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New Hampshire

April 19, 2013

Hassan calls for casino, completion of I-93

WINDHAM — Southern New Hampshire’s economic success depends on the Legislature’s approval of expanded gambling and completion of the Interstate 93 widening, Gov. Maggie Hassan told business leaders yesterday.

Hassan, speaking at a Greater Salem Chamber of Commerce forum at Castleton Banquet & Conference Center, began by paying tribute to the victims of the Boston Marathon bombings and an explosion Wednesday at a Texas fertilizer plant.

She then told the approximately 150 people that the state and local economies would receive a big boost if lawmakers pass legislation allowing for construction of a casino that would create jobs and generate much-needed revenue. Millennium Gaming of Las Vegas has proposed a casino at nearby Rockingham Park in Salem.

“We must develop sufficient revenue to protect our priorities,” Hassan said. “I believe we should move forward with our own plan for one high-end casino.”

The proposal, Senate Bill 152, calls for allowing up to 150 table games and 5,000 slot machines. It’s expected to create up to 2,000 construction and 1,500 casino jobs.

By allowing expanded gambling, New Hampshire would avoid losing valuable revenue to casinos being built in Massachusetts, she said.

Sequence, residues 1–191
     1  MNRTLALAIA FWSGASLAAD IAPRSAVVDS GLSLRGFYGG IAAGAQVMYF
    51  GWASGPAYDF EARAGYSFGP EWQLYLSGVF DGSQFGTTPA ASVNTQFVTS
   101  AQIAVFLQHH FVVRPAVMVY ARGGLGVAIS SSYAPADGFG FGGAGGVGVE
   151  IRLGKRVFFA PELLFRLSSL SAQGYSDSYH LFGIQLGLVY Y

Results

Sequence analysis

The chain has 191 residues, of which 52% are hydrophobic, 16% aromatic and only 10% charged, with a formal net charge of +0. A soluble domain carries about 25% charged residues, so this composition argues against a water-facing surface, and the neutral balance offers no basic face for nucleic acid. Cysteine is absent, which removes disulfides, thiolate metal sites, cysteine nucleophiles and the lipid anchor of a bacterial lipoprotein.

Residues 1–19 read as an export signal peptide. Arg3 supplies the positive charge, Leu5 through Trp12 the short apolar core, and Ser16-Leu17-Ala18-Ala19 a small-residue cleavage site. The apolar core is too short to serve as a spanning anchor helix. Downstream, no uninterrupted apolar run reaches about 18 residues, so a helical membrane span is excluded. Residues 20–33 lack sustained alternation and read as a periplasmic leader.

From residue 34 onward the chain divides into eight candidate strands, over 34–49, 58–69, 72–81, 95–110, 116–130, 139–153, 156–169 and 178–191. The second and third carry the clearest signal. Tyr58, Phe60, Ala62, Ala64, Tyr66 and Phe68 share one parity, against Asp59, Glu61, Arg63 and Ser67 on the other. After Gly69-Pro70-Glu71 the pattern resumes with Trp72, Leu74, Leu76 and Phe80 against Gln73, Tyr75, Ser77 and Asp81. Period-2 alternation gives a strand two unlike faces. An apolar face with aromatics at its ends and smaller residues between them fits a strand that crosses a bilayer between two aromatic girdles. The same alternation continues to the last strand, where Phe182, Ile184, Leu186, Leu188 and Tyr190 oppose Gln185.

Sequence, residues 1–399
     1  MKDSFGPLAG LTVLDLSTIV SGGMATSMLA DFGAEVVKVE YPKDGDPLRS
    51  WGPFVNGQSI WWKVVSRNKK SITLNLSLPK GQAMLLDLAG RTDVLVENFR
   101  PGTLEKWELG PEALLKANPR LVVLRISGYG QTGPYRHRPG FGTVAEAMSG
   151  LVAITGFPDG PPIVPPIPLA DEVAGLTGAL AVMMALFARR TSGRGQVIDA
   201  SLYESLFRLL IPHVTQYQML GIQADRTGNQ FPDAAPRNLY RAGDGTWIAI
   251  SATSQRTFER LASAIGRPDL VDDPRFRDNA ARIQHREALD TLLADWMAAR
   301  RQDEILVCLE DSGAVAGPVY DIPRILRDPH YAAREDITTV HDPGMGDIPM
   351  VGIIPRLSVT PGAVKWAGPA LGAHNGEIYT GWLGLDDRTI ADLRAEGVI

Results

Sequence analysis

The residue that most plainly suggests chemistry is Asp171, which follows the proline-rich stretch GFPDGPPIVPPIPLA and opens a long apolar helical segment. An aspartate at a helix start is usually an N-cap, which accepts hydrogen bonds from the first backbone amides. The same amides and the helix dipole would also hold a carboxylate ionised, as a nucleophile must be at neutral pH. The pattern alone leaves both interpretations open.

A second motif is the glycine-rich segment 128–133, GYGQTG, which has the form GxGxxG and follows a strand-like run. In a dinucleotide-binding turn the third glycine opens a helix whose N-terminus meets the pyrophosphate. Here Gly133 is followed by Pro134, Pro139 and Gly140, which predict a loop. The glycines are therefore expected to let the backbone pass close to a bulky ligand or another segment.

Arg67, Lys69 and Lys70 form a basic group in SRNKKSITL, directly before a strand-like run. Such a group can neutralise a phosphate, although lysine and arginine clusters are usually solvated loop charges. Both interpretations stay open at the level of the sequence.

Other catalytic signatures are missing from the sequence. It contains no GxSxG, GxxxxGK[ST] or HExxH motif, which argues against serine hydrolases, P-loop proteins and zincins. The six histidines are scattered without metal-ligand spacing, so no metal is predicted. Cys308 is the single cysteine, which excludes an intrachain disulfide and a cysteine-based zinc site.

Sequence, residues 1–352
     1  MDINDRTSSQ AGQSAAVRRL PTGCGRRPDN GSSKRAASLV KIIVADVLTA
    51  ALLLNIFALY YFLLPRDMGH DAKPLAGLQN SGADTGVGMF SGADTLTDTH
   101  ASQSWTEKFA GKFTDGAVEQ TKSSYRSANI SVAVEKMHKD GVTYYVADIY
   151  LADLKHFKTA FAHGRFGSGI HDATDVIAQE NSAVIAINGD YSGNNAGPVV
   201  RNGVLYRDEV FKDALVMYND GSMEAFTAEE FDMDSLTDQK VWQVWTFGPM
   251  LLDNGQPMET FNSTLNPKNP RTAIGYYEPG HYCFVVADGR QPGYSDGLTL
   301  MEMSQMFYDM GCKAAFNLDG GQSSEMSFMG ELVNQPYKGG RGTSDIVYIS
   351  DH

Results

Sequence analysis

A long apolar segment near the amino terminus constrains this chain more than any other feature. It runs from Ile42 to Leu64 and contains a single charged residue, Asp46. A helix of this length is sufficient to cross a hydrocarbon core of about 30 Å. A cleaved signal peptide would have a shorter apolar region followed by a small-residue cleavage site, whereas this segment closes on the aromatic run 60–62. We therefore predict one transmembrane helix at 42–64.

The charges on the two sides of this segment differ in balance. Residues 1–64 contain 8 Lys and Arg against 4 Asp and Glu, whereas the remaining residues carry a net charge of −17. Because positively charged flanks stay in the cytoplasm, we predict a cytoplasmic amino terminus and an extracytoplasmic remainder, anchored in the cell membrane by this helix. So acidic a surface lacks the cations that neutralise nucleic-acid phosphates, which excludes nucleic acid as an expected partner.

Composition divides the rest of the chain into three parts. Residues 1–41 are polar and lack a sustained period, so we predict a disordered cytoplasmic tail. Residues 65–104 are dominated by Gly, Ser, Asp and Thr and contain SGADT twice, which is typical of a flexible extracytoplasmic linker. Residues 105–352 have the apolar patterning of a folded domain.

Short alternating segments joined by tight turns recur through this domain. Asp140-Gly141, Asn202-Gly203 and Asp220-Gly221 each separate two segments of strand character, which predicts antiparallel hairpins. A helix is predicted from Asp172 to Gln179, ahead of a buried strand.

“The true risk we all face is the risk of letting our economy fall behind,” Hassan said.

She testified in support of SB 152 before the House Ways & Means and Finance Committee earlier this week.

The governor included revenue from the $80 million casino licensing fee in her proposed two-year budget, saying the money would help prevent devastating cuts in state programs.

The House approved an $11 billion, two-year budget plan earlier this month, but without the $80 million earmarked by Hassan. The budget now goes before the Senate.

“Without the $80 million from one casino,” she said, “we will see some of our most important priorities are at risk of being cut.”

But Hassan said her proposed budget still reinstates much of the money for important state programs slashed by the previous Legislature, including social services and higher education.

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